Humor is best anecdote for drought woes


The dog days of summer can be trying, especially for farmers and ranchers who are experiencing one of the worst droughts in decades

A summer like 2012 brings little rain, grueling heat and fiery winds. This year’s drought and string of more than 25 days of 100-degree days has finished off most of the dry-land corn and has now zeroed in on destroying this year’s soybean and milo crops.

What will happen to this fall’s upcoming winter wheat crop remains to be seen.

During this period, it’s healthy to interject a little humor into the daily diet. A chuckle or comic relief is good for the mind and body. With that in mind, here’s my offering for the middle of August.

I’ve yet to meet a farmer or rancher who isn’t continually searching for new, innovative ways to make profits. This week, let’s take a peek at the opposite end of the spectrum. Here are 10 sure-fire ways to cut your profit margins.

(1) Blindly follow seasonal trends or patterns. If the market is going up—do not sell—it may go even higher. If the market is falling—do not sell—it may turn around and rocket back up.

(2) Never, under any circumstances, trust U.S. Department of Agriculture crop and livestock reports. From all the information available, these reports are “strictly legit.” But never mind. Discard these reports at all costs.

(3) Blame the big grain companies. Everyone knows they manipulate the farmer and make all the profits.

(4) Assume prices and costs are related. No place is it written that because you spend $1,000 an acre to produce irrigated corn, you are guaranteed a profit on your product.

(5) Hold the short crop because less corn, wheat, beans or milo must mean the price of these commodities will increase. In reality, by the time you hear a crop is in short supply, everyone else has heard the same news and the price has already gone up.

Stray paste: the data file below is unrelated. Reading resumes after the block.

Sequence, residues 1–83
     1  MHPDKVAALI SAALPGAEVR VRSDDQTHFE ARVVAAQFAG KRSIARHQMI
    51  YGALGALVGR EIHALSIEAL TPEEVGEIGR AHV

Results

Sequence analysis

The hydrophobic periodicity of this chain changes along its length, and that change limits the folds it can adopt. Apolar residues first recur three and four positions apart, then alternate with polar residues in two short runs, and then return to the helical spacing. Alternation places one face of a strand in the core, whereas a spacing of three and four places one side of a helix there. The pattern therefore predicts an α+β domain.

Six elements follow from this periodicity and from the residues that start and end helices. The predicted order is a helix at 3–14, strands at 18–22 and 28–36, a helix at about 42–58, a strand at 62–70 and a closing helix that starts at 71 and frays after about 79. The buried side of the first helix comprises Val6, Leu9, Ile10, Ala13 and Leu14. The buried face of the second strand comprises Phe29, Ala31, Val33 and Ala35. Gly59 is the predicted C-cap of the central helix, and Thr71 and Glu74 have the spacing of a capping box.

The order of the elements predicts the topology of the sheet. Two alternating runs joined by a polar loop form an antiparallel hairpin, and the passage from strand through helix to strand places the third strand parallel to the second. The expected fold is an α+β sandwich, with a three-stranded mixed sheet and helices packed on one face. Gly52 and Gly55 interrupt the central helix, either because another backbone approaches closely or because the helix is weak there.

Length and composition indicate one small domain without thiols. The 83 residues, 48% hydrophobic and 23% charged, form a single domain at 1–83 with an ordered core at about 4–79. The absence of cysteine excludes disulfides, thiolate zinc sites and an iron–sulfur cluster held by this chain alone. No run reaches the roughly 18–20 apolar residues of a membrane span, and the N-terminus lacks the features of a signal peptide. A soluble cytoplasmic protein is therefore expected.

(6) Follow the majority. If your neighbor sells his corn, it is probably the right time for you to sell yours, too. Ignore most conversation in the local coffee shop, the town hall or other meeting places. Figure out your own marketing strategy.

(7) Ignore the futures market and basis because everyone knows that a bunch of speculators are rigging the market. Remember, speculators lose money, too, and provide liquidity for the market.

(8) Never sell until you have a crop in the bin. Often, before you harvest a crop is the best time to lock in profits. Take a hard look at future contracting.

(9) Always, always shoot for the market high. Smart marketers have abounded this philosophy for the goal of “shooting for higher.”

(10) When all else fails, blame your banker or your wife. You may just want to take a closer look at yourself and your production and marketing strategies.

John Schlageck is a leading commentator on agriculture and rural Kansas. Born and raised on a diversified farm in northwestern Kansas, his writing reflects a lifetime of experience, knowledge and passion.


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